Meet choreographer Courtney May Robertson (and her life-sized doll)

It is possible to perform a duet with yourself? The answer is ‘yes’ and HUNTER is the proof. Courtney May Robertson lives out her wildest fantasies with a life-sized doll in this performance. ‘I think it’s quite liberating for an artist to display excess on stage.’

Courtney May Robertson (1992) is a Scottish-born dancer and choreographer, who moved to the Netherlands to dance with Club Guy and Roni and now resides in Rotterdam. The past years she has been working with various choreographers – like Jan Martens and Florentina Holzinger – and also creating solo works, like the pleasure of stepping off a horse when it’s moving at full speed which she performed in Korzo last year. HUNTER is a brand new piece: a grotesque and daring performance wherein the lines between repulsion and attraction blur.


Hi Courtney! Right off the bat: where did you get the idea to create a life-sized doll for this performance?

‘Well, it started because I wanted to explore my wildest fantasies that I could not achieve either on my own or with my mortal, human body. The doll is a stunt double, in a kind of way. Someone I could live out these fantasies with. She has some super-human abilities: she can become weightless, she doesn’t get tired, she has stamina, she is essentially immortal. We have a scene where we transmit fluids back and forth for a really long time… It’s kind of grotesque.’

Well, tell us about it!

‘For context, one of the body genres I wanted to work with was pornography and more specifically BDSM. And I thought: how wonderful would it be if I could create a never ending orgasm, where cum just continuously flows? So this is one of those impossible fantasies, we have a ten minute long ‘come shot’ so to speak. I can create that with the doll. I come, she comes, I come, she comes. And she’s me, so I’m coming and secreting fluid for ten minutes. With her body and presence I can live out these impossible fantasies that I can’t on my own.’

That's quite something. How did you decide to put these fantasies on a theatre stage? I can imagine it’s also quite scary to share this with an audience.

‘Yeah, it’s quite something. For me, it’s a protest against purity culture. A culture that says everything has to be clean and correct, and modest and stoic. For HUNTER I was inspired by a lot of literature. One of the essays I was studying was called ‘Gender, Genre and Excess’ and it looks at three ‘body genres’ in film; Horror, Pornography and Melodrama. In all of these genres it’s about heavy excess of emotion. These genres are often considered as low culture or fluff. They are not perceived as sophisticated or intellectual, because they have this so-called irrational display of emotion. The author, Linda Williams, talks about how this is a very patriarchal and misogynistic opinion, that everything excessive or deeply emotional is considered ‘feminine’. We’re taught to be ashamed of certain things and we uphold a standard of purity in this society. With HUNTER, I want to say ‘no!’. I can be too much, I can be excessive, I can be over the top. I think it’s quite liberating for an artist to display excess in this way on stage.’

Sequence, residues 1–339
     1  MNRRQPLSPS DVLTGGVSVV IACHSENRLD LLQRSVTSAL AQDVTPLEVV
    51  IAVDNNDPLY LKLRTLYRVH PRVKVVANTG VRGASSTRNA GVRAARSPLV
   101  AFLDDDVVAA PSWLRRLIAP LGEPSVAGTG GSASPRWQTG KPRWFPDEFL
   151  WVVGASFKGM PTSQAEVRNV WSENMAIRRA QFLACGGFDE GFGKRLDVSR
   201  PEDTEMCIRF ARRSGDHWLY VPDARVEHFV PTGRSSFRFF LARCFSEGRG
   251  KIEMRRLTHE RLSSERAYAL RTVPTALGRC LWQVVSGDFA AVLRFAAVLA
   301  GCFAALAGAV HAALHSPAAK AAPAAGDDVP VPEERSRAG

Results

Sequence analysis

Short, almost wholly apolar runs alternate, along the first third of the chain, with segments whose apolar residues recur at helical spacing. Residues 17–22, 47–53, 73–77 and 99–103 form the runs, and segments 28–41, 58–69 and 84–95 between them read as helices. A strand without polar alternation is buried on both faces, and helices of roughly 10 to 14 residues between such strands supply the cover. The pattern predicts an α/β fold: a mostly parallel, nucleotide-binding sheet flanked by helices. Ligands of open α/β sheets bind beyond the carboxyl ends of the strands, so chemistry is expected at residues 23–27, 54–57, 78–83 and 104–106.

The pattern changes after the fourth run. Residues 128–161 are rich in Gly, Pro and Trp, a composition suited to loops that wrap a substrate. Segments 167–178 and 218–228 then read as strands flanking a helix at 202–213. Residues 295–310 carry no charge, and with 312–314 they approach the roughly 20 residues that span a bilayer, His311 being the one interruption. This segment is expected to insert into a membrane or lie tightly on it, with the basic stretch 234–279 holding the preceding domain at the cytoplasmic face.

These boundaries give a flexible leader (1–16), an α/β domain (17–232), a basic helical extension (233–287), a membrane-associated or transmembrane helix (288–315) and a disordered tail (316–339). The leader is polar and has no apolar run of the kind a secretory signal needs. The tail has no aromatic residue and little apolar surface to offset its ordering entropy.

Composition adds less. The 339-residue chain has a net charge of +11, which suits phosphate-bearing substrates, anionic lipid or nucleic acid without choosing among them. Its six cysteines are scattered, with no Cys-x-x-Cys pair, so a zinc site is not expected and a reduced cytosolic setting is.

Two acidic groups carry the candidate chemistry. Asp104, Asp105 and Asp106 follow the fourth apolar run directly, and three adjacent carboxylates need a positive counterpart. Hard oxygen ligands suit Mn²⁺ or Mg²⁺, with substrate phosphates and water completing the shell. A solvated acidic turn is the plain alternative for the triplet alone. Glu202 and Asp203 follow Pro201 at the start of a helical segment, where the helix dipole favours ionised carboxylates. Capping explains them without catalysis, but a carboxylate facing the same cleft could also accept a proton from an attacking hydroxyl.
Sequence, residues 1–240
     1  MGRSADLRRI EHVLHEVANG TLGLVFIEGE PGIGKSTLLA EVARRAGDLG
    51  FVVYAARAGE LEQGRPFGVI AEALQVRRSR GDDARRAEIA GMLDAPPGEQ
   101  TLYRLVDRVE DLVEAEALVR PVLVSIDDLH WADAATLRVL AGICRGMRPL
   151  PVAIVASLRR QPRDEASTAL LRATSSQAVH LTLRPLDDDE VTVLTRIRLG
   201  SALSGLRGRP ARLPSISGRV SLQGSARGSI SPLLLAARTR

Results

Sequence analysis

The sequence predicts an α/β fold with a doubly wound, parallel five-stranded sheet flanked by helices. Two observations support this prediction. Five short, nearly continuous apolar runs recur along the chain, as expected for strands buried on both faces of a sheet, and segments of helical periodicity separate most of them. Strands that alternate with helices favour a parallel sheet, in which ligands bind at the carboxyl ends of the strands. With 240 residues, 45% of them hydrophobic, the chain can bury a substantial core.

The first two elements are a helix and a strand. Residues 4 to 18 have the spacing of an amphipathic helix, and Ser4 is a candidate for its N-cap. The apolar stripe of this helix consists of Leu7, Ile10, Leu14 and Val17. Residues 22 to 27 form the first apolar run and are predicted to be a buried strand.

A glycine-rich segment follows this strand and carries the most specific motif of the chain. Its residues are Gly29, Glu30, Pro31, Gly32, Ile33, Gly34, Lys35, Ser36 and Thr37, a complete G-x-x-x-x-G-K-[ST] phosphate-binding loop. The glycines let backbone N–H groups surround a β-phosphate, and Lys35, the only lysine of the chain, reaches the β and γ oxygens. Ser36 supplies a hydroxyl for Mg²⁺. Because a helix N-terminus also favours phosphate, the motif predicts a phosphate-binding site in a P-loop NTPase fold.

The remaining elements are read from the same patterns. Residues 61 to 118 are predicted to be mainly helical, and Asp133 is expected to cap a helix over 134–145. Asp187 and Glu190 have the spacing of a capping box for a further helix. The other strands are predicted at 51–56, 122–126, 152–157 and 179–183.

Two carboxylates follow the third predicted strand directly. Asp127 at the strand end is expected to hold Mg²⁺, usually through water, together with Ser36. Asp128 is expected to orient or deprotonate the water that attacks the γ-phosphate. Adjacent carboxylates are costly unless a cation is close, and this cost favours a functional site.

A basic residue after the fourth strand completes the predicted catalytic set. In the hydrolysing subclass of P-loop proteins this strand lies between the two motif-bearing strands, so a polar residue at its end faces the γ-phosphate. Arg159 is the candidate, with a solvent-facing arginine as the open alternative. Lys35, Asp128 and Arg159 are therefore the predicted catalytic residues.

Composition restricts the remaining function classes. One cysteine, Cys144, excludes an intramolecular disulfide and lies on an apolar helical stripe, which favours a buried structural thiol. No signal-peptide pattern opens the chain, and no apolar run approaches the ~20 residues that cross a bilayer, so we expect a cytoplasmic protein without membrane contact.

What do you see in this society or day and age regarding to clinging on to a sense of purity?

‘Well, one thing I’m very much inspired by is body fluid. I read a work by Julia Kristeva called Powers of Horror - An Essay on Abjection. Essentially she talks about how we all contain various fluids. Blood, tears, cum, spit and so on. We accept that these are part of our bodies. But when it exits the body and enters space, it’s something to be disgusted by and feared; this ‘otherness’ is threatening in a way. I think there’s a lot of beauty to be found in these body fluids. In doing HUNTER, I attempt to transform what at first seems disgusting into very aesthetically pleasing imagery. To reclaim the parts of our bodies that we would otherwise be led to consider as shameful or disgusting.’

‘In addition to that, I’m always interested in why subcultures are hidden. Like BDSM, which often happens in basements and dark rooms. I think it’s perfectly acceptable and even empowering to engage in BDSM, to discover yourself and explore fantasies in a consensual way. But in society, these kinds of things are often pushed underground because they’re considered transgressive. That’s why I’m putting it on a theatre stage.’

HUNTER most definitely sounds like a must-see to me, but also quite a challenging performance for the audience. Do you feel that way too?

‘I would love it if people can suspend their own impulsive reactions. As for my own, I was raised Catholic, Irish descent, so I grew up with a lot of stigma regarding sexuality. All these feelings of shame and guilt made me more interested in subcultures or stuff that’s not widely accepted in society. But it remains a conflict as well: I can be intrigued by something, but there’s something in the back of my head telling me I shouldn’t be. I find this conflict interesting. I’m very curious to see how this will be for the audience as well, because I believe a lot of people have this kind of voice in the back of their heads. So I’d like to invite people to see HUNTER, sit with your first, impulsive reactions and contemplate them.’

‘I think the reason I want to show these things in a theatre with people sitting next to each other: it confronts us a bit more. We all have our secret, private lives – where I’m sure people are filthy! – but the moment we’re confronted with other people, shame is often triggered. That’s what I’d like to question.’

Bring your wildest fantasies and shame to Korzo Saturday the 20th of January and see Courtney and her life-sized doppelganger perform HUNTER. Get your tickets here.

Check this


Courtney May Robertson

A celebration of the frayed edges

20.15 - 21.45

Korzo Zaal

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